Laura Leaney's Reviews > Christine Falls

Christine Falls by Benjamin Black
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May 26, 2010

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Read from July 10 to 12, 2011

Although the imagery makes for a dark chillingly damp atmosphere, this novel felt like a parody of the noir genre - but unfortunately I think it was meant to be the genuine thing. Initially, I got really caught up in the pathologist Quirke's investigation of the missing corpse of Christine Falls, especially as the woman seems to be connected to his incredibly strange brother-in-law Malachy; but then I began to tire of the clichéd characters (beak-nosed bad guys, gin drinking low class blondes, and big ankled ruddy knocked-up Irish women). This isn't to say I didn't like the book (I finished it in two days because I got hooked on the mystery), but the writing and the characters are disappointing. Even Quirke, the protagonist-"detective" is a stock figure: a bumbling, alcohol impaired, chain-smoking shambling giant of a man who can smell death everywhere.

Psychologically speaking, I wonder why all the women in here are so horribly predatory. Evil nuns (usually a favorite topic for me), bitchy wives, lascivious nurses, a teasing flirty daughter/niece. The bottom line is that every woman in here (besides the nuns, who have better evil work to do) will bang anything in sight. It really becomes quite tiresome.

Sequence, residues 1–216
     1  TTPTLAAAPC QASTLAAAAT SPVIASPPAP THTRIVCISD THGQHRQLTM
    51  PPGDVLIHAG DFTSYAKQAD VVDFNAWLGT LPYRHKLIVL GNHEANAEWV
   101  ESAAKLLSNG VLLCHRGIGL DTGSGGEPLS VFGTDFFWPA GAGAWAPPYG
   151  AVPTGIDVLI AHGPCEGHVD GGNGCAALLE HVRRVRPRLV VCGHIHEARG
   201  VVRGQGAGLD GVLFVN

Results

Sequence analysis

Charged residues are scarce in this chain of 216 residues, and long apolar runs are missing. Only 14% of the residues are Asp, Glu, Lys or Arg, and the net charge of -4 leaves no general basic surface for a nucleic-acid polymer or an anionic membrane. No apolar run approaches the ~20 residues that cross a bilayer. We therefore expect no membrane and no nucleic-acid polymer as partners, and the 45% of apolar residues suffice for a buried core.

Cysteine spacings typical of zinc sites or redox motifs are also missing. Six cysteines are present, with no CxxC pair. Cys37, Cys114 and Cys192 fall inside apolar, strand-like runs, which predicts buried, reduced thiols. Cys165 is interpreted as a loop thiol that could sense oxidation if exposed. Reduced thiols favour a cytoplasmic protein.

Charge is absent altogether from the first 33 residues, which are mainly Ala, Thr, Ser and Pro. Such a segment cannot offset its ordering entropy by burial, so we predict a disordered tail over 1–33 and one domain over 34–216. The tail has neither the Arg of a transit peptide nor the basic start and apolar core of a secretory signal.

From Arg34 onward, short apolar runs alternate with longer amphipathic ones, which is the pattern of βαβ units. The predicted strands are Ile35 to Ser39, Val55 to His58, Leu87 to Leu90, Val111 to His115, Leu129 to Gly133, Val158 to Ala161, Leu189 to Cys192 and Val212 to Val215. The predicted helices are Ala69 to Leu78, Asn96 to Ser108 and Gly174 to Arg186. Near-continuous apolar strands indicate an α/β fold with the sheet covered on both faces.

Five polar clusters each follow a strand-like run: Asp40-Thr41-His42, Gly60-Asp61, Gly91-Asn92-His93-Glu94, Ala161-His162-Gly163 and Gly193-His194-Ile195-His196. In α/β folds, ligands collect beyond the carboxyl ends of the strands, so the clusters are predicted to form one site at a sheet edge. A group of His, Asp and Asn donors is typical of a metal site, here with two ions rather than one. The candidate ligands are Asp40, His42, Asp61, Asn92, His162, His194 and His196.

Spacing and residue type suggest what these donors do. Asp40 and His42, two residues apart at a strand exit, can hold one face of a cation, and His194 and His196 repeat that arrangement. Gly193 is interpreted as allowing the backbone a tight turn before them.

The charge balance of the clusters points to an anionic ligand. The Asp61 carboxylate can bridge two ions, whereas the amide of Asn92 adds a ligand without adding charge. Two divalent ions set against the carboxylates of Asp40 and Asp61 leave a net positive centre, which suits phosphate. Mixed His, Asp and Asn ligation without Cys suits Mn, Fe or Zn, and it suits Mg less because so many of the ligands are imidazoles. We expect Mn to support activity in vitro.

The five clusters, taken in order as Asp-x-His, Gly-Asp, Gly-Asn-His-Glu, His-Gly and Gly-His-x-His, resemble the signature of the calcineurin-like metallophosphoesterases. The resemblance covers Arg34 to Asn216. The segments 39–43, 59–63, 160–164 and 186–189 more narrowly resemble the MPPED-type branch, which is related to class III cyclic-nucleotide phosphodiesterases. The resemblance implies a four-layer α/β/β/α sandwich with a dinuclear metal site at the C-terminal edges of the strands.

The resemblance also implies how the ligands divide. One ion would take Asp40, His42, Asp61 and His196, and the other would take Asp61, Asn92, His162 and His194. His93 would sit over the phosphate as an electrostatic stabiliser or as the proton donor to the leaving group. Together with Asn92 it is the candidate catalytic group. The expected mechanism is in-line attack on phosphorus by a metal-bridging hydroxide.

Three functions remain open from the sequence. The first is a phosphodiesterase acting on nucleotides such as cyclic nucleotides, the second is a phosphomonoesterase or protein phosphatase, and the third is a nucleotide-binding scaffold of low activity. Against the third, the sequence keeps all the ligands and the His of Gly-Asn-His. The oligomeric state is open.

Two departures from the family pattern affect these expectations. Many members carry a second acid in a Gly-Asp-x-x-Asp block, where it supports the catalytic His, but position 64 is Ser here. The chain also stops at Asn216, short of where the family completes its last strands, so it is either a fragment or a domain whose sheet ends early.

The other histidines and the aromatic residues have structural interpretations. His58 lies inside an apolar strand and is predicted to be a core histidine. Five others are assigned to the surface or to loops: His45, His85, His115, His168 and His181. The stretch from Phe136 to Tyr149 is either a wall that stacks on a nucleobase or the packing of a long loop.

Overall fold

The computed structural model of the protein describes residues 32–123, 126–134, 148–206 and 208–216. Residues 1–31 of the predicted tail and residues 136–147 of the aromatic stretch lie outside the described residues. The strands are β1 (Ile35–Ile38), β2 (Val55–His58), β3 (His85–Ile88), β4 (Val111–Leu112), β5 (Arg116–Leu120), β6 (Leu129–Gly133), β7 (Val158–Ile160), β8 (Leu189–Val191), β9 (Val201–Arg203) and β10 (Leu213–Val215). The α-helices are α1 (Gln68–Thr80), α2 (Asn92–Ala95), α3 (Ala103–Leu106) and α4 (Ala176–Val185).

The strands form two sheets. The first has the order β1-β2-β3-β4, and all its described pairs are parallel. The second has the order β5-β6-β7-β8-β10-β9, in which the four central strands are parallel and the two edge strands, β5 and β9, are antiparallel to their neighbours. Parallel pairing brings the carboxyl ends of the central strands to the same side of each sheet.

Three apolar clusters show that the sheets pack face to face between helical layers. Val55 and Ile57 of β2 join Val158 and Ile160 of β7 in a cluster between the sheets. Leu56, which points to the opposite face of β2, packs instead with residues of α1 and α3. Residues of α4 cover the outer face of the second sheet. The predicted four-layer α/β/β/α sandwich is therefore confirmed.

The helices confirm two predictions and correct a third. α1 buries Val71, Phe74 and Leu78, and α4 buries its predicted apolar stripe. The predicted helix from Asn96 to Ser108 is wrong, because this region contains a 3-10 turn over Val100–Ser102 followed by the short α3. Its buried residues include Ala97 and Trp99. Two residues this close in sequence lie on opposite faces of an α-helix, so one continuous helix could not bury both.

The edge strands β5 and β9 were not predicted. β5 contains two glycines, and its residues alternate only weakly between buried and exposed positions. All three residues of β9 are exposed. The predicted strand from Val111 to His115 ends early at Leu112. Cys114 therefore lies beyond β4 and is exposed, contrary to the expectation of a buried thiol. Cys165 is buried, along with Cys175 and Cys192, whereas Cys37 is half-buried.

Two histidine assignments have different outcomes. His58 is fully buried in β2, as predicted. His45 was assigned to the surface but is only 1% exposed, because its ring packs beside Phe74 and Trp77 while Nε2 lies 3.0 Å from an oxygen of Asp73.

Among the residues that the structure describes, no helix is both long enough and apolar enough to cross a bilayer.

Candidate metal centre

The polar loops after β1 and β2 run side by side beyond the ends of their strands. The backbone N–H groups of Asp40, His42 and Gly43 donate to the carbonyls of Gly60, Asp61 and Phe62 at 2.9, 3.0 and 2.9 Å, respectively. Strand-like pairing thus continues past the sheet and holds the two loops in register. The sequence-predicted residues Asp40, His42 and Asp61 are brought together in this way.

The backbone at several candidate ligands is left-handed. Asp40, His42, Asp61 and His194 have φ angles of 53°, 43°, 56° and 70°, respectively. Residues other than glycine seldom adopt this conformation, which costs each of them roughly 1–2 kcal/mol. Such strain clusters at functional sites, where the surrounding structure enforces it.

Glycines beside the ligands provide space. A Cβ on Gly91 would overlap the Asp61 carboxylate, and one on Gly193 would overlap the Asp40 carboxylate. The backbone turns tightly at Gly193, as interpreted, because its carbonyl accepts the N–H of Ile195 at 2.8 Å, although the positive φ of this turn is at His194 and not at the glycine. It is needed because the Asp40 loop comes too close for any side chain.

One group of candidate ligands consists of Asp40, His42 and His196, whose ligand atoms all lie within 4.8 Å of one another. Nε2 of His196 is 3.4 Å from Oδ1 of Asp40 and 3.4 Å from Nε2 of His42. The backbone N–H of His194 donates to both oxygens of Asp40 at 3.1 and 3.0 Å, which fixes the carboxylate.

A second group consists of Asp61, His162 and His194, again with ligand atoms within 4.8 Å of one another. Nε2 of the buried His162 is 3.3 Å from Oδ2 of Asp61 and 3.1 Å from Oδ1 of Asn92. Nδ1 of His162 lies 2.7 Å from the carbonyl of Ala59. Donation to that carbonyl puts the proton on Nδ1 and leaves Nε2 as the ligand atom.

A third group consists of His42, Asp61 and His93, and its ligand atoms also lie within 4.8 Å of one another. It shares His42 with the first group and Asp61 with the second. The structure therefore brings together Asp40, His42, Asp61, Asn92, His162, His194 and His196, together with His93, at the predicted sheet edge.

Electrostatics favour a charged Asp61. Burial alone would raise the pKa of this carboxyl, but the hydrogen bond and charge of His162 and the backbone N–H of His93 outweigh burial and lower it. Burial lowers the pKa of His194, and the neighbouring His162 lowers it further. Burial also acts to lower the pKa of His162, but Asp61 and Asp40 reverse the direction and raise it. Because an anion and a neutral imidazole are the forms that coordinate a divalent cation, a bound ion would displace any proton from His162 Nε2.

Awful unsatisfying ending.


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Reading Progress

07/11/2011 page 89
26.0% "Super atmospheric. 1950s Dublin murder mystery by John Banville. I'm hooked - I'm wonder if I can get any work done today at all."
11/25/2016 marked as: read

Comments (showing 1-13 of 13) (13 new)

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message 1: by Patrick (new)

Patrick Emmett Quite enjoy your reviews. Gives me a vicarious fiction-fix :)


Laura Leaney Thank you so much, Patrick! Actually, I'm waiting to see how many stars you give the book on Islam in America (I forgot the title). I hope it's an enlightening read.


message 3: by Patrick (new)

Patrick Emmett Very Enlightening. I am teaching a class on Worl Religions in California, and doing site visits to various places of worship. We visited the local masjid (mosque) this past week, and much of what Smith claims about the reasonableness and altruism of Islam was corroborated.


Laura Leaney I studied Islam in college, but most of my understanding of the faith comes from knowing people who are practicing Muslim. Empirical evidence of this kind proves "reasonableness." But it's sure hard to argue with the opposition sometimes.


message 5: by Suzanne (new)

Suzanne 3 stars seems generous, considering how disappointed you seem with the cliched characters and unsatisfying ending. If you want a noirish crime story that you'll enjoy a bit more, try Sharp Teeth! It'll make you feel better. (OK, after this note, I'll stop)